1. “doses of up to 1,500 mg of CBD per day are well-tolerated by patients”
  2. “there is evidence that CBD may reduce the negative psychotropic effects, memory impairment, and appetite stimulation, anxiety and psychotic-like states of THC while enhancing its positive therapeutic actions”
  3. “there is indirect evidence that reductions in spasticity, pain, and fatigue may result in improvements in the mobility of PwMS.”

The researchers concluded that, “Cannabidiol Reduces Spasticity, Pain, Inflammation, Fatigue, and Depression in PwMS” and goes on to say that “it is our opinion that CBD supplementation may be advisable for PwMS to reduce fatigue, pain, spasticity, and ultimately improve mobility.” An overview of the potential impacts of CBD on mobility of PWMS is shown in the figure below.

CBD has shown a positive impact on mobility according to research published in March 2018.

Cannabis, MS, And The Endocannabinoid System

A more recent study published in February 2020, Perspectives on Cannabis-Based Therapy of Multiple Sclerosis: A Mini-Review [3], concluded that “the Endocannabinoid System plays an important role in CNS (central nervous system) homeostasis and neuroprotection, participating in immune control and maintaining the fine-tuned homeostatic balance of the central immune system.” Simply put, this study shows that the Endocannabinoid System, ECS for short, helps to bring the central nervous system back into balance and provides nerve protection. Since the cannabinoids found in the cannabis plant, the most common being THC and CBD, interact with our own bodies’ ECS, it would make sense to conclude that cannabis can help with symptoms associated with MS.  Although the study found this to be true, it was also noted that it is “extremely difficult to decipher specific roles (of the cannabinoid receptors)...therefore, future research is necessary.”

Cannabis, MS, And Spasticity

Taking a look at yet another study conducted back in 2012, "Smoked cannabis for spasticity in multiple sclerosis: a randomized, placebo-controlled trial" [4],
we see evidence of the therapeutic benefits of cannabis for treatment with MS symptoms.  This study recorded symptoms of 37 participants over a 3 day period and found that “smoked cannabis was superior to placebo in symptom and pain reduction in participants with treatment-resistant spasticity.” The same study also concluded that “future studies should examine whether different doses can result in similar beneficial effects with less cognitive impact.”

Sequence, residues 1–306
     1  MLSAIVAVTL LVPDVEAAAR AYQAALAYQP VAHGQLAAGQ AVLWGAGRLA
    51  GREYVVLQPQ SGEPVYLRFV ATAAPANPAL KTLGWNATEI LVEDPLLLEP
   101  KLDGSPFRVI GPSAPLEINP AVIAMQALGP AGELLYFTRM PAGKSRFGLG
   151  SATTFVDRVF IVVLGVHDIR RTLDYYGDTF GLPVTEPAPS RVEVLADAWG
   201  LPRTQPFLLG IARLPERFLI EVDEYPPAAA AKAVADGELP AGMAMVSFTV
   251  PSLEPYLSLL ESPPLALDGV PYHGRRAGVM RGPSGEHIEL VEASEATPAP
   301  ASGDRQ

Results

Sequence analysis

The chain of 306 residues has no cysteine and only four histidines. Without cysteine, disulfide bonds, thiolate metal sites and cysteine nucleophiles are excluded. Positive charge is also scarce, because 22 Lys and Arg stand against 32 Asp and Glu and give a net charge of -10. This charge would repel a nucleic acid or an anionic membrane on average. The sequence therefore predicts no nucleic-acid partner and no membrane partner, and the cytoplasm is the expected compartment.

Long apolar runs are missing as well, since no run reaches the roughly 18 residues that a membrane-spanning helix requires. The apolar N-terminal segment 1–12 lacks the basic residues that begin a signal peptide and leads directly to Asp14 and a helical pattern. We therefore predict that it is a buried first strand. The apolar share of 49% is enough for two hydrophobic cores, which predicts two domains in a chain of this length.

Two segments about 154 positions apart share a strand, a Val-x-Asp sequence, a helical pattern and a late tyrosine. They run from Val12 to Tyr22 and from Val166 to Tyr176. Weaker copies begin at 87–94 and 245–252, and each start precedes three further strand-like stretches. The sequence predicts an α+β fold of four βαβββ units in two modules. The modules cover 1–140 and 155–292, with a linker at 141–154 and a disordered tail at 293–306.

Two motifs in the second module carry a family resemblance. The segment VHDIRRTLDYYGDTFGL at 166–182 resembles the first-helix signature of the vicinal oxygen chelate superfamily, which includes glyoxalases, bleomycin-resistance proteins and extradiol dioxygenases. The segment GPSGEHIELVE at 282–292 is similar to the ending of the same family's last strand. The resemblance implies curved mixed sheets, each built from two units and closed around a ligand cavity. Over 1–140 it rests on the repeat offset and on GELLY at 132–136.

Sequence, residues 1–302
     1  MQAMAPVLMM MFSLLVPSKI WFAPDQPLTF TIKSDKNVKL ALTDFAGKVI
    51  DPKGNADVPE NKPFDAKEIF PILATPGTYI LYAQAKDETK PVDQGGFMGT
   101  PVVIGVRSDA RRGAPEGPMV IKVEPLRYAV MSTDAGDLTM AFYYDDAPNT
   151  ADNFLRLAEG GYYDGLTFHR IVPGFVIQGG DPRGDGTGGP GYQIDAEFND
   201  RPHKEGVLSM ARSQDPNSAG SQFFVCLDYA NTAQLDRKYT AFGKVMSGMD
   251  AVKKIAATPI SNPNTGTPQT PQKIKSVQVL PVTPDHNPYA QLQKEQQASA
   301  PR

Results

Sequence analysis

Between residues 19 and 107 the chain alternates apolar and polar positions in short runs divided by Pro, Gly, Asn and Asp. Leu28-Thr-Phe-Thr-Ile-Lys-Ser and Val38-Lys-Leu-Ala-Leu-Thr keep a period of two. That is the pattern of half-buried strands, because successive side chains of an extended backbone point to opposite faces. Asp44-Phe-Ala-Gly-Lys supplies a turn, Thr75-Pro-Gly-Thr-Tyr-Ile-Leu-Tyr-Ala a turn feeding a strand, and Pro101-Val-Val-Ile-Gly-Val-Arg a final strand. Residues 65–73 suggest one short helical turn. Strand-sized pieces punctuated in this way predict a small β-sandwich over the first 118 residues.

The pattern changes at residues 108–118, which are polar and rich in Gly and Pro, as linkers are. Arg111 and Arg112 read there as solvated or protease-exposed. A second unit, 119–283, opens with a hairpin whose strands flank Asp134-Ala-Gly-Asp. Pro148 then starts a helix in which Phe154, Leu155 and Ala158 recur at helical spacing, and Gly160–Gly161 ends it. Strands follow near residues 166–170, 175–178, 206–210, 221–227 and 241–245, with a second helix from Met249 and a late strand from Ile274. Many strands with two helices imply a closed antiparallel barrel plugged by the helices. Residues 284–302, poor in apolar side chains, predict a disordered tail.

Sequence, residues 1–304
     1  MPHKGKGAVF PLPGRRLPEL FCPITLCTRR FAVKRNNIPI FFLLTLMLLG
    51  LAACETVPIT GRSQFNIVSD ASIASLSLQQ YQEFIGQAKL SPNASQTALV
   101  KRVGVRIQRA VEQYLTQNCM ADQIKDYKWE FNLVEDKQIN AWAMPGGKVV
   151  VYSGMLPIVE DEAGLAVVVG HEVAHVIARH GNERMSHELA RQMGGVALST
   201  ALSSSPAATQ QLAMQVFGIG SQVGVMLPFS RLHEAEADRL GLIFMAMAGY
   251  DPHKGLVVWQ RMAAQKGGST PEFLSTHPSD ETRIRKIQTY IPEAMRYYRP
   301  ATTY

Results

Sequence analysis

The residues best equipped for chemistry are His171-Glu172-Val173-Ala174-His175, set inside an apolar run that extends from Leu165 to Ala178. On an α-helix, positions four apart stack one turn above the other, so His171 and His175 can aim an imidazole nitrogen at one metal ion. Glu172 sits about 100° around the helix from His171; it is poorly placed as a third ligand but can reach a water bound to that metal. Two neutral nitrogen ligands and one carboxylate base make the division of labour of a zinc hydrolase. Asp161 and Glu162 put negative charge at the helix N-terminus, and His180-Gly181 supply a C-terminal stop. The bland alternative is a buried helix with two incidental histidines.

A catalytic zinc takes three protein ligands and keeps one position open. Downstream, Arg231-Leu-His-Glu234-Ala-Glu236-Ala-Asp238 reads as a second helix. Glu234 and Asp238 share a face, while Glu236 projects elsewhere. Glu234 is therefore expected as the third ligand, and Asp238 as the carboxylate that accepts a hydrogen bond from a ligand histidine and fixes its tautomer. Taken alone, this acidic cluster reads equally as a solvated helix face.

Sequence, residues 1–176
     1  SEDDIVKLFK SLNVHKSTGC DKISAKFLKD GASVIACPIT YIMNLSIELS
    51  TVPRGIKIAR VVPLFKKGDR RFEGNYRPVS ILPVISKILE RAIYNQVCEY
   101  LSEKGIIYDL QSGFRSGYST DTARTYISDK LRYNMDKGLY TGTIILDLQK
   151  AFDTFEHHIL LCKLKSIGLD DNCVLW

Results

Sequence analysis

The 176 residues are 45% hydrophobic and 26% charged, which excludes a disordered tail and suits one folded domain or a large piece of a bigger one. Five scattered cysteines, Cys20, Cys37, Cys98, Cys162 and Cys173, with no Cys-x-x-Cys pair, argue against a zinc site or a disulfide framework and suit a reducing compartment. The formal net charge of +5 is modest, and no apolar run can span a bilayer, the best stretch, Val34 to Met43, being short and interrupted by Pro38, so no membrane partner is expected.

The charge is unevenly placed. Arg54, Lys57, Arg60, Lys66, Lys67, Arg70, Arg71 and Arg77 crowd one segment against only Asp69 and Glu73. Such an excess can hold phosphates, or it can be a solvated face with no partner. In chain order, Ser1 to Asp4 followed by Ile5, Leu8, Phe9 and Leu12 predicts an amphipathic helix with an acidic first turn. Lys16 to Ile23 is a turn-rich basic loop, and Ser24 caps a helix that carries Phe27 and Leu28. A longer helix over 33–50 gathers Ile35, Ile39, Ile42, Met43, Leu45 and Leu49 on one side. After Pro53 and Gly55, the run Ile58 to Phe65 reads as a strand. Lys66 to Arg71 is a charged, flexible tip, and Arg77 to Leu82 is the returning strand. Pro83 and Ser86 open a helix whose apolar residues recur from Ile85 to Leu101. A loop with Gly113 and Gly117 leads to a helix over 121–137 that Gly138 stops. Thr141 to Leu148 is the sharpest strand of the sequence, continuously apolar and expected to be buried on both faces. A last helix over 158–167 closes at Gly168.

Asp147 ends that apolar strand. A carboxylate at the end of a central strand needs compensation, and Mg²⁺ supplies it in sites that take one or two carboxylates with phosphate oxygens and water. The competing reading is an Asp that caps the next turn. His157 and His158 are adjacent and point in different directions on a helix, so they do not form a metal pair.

And finally, a research article that was published in September 2012, "Symptomatic therapy in multiple sclerosis: the role of cannabinoids in treating spasticity" [5], noted that in addition to anecdotal evidence, data gathered from “randomized, double-blind, placebo-controlled studies have confirmed the clinical efficacy of cannabinoids for the treatment of spasticity in patients with MS.”

This study tracked the use of Nabiximols (a synthetic derivative of Cannabis Sativa chemovars administered via an oromucosal spray) containing a 1:1 mix of THC and CBD and found that they were “a well tolerated therapeutic option for treating spasticity in patients with MS who respond poorly to conventional antispastic drugs.” The study concluded that the “beneficial effects of nabiximols...outweigh the adverse pharmaceutical effects.”

MS And Cannabis - Where Do We Go From Here?

While we are still unsure of the cause and cure of multiple sclerosis, we do have evidence that not only shows cannabis to be a relatively safe option, but that shows it can help improve symptoms like mobility and pain in patients suffering from MS.

As is usually the case with most cannabis research, the journals cited here agree that while more studies are necessary to determine the true potential and therapeutic benefit of using cannabis to treat MS, they also show promising results for patients who are looking to explore alternative medicine options.

If you or someone you know is suffering from MS, cannabis may be something to consider if (or when) western medicine falls short.  


  1. Wessam Mustafa, Nadia Elgendy, Samer Salama, Mohamed Jawad, Khaled Eltoukhy, "The Effect of Cannabis on the Clinical and Cytokine Profiles in Patients with Multiple Sclerosis," Multiple Sclerosis International, vol. 2021, Article ID 6611897, 10 pages, 2021.
  2. Rudroff, Thorsten, and Jacob Sosnoff. “Cannabidiol to Improve Mobility in People with Multiple Sclerosis.” Frontiers in neurology vol. 9 183. 22 Mar. 2018, doi:10.3389/fneur.2018.00183
  3. Mecha Miriam, Carrillo-Salinas Francisco J., Feliú Ana, Mestre Leyre, Guaza Carmen, “Perspectives on Cannabis-Based Therapy of Multiple Sclerosis: A Mini-Review,” Frontiers in Cellular Neuroscience, Vol. 14, 2020. 34 pages, DOI=10.3389/fncel.2020.00034, ISSN=1662-5102
  4. Jody Corey-Bloom, Tanya Wolfson, Anthony Gamst, Shelia Jin, Thomas D. Marcotte, Heather Bentley, Ben Gouaux, “Smoked cannabis for spasticity in multiple sclerosis: a randomized, placebo-controlled trial,” CMAJ Jul 2012, 184 (10) 1143-1150; DOI: 10.1503/cmaj.110837
  5. Verena Isabell Leussink, Leila Husseini, Clemens Warnke, Erasmia Broussalis, Hans-Peter Hartung, Bernd C. Kieseier, “Symptomatic therapy in multiple sclerosis: the role of cannabinoids in treating spasticity,” First Published September 7, 2012, Review Article Find in PubMed,

Content Manager for MÜV Florida and Contributor for Zen Leaf Dispensaries. A cannabis connoisseur with a passion for explaining the miraculous possibility of the plant, Swan began her journey with cannabis as a recreational user and quickly realized its positive impact on her depression and severe anxiety. She joined the cannabis industry as Receptionist and MedTender and witnessed first-hand the immense potential of the plant for a wide variety of ailments, deepening her passion for alternative medicine. Swan is dedicated to self-education on the plant and sharing its potential with all. She holds a Journalism degree from the University of Iowa.